This year our plan is to do more sharing on the blog and YouTube to help people grow their own medicinal and aromatic herbs, culinary herbs, and perennial foods using permaculture and organic, regenerative practices. We have some Lunar Hollow Farm online classes in the works, and plan to publish more ebooks, garden plans, and other freebies! We also hope to do mini courses on the things we love to do and we always get questions on - sourdough, smart home systems, smart farm systems, herbs for chickens, seed starting, and so on. This is a whole family endeavor, and we are all excited to share.
Growing herbs is not hard. The more we grow our own the less waste we generate - no plastic baggies in shipping boxes coming from around the world - and the more we appreciate and connect with the plants we are using, as we nurtured them from seeds to tea. We don't have to grow everything, but we can start with a few of our favorites that can grow well in our zones/regions/climates. Growing our own also saves money, and super fresh, carefully harvested at their peak and gently dried herbs, are often more flavorful, colorful, aromatic, and vibrant than bulk herbs. Growing something yourself that you can pull out of a jar in January and drink while sitting by the fire is one of the most rewarding feelings. Can't wait to share more!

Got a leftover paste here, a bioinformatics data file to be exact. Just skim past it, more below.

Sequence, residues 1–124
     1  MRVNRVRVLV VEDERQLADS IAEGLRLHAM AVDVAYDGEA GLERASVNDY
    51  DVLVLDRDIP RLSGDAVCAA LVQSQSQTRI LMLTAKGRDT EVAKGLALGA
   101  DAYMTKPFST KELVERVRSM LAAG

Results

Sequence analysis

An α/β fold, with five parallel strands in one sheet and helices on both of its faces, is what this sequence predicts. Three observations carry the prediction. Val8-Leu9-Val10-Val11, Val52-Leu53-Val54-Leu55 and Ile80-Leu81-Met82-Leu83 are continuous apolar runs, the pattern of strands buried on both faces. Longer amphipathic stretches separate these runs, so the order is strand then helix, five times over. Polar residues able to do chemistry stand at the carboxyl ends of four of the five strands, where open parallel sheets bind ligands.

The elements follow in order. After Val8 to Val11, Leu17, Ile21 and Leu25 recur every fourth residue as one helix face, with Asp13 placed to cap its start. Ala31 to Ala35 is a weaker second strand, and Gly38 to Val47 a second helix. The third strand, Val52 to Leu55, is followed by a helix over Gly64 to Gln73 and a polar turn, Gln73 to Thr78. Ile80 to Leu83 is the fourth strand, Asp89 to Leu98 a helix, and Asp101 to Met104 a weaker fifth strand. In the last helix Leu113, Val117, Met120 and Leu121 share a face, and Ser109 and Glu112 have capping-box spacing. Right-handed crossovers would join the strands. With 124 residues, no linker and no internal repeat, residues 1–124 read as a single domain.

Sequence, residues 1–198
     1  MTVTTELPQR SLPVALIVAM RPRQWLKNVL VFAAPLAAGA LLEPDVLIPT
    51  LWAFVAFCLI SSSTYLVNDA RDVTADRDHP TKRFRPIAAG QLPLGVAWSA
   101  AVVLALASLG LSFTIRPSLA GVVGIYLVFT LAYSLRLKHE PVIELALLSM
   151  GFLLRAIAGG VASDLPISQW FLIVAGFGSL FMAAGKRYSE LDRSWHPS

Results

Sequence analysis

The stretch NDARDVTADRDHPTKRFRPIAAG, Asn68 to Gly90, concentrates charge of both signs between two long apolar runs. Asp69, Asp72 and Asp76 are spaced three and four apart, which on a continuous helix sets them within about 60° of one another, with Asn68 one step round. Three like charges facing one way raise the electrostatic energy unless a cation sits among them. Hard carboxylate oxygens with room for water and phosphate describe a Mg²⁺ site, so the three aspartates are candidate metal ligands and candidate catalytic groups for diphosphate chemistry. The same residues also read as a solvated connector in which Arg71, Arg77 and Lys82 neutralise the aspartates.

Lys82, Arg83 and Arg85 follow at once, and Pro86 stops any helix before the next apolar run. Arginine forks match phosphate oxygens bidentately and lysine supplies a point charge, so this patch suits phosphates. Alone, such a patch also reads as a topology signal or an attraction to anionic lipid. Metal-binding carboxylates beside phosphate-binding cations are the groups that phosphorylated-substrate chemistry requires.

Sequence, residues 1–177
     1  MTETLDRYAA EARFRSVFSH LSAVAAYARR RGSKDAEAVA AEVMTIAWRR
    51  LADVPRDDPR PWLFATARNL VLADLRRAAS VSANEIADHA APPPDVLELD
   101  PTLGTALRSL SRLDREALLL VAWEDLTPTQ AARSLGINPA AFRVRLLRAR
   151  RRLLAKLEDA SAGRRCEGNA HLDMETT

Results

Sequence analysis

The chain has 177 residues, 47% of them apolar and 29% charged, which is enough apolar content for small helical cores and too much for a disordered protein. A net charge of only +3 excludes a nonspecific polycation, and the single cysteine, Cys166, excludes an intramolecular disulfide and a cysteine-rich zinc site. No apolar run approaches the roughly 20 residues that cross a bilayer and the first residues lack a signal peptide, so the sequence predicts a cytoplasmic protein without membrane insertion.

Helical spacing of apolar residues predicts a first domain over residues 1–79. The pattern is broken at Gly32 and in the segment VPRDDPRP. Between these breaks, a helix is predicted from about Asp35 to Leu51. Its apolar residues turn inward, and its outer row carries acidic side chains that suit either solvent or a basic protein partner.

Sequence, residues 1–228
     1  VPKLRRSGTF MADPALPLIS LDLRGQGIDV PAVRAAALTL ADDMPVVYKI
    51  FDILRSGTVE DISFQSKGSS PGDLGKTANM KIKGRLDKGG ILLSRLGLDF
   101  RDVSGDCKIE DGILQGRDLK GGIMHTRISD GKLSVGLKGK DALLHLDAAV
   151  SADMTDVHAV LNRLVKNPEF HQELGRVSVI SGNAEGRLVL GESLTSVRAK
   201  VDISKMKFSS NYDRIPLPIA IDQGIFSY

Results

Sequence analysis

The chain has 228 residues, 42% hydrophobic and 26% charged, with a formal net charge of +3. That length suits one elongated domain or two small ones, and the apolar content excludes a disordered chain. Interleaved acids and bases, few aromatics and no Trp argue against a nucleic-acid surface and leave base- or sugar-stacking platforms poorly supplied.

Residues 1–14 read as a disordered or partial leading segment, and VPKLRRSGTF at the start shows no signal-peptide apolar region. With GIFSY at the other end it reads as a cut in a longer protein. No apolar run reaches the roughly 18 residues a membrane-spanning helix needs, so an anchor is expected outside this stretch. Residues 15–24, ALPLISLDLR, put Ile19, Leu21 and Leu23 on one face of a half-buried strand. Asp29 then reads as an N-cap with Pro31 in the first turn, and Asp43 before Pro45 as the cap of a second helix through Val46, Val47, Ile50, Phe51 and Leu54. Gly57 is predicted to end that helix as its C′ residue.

2020 Garden Planning.
It felt so odd typing 2020 into the title. Can you believe we are almost at 2020? That is amazing. I am excited to enter this new decade in our space, expanding and honing our vision for this land.
This is the time of year where any spare time is spent looking throughout seed catalogs, comparing the seeds I purchased last year with my notes on how things did where, seeing what I still have some seeds for, and what I need to purchase. We had so many things do so well last summer, and we had a lot of new things go into the ground we won't see a harvest from for several years. Some of our woodland medicinals fall into that category as they take several years from seed - and we have some from bare root and some from seed. We may not see Goldenseal for awhile, but we know it is there.
The plan for 2020 is to expand all of the garden areas, increase the forest guilds, plant around the whole back garage building, plant more natives and water loving plants in the moist areas, and more drought tolerant natives where it is dry. I love posting my lists to the blog because is it a great thing to have when I look back next year, comparing notes and memories. It also makes me feel more accomplished when working on a few acres, because when you don't plant in rows, sometimes it looks like not a lot is there, when in actuality it is a vast amount of plant materials, but spread out over land as plant do naturally in the wild.
2020 Medicinal Perennials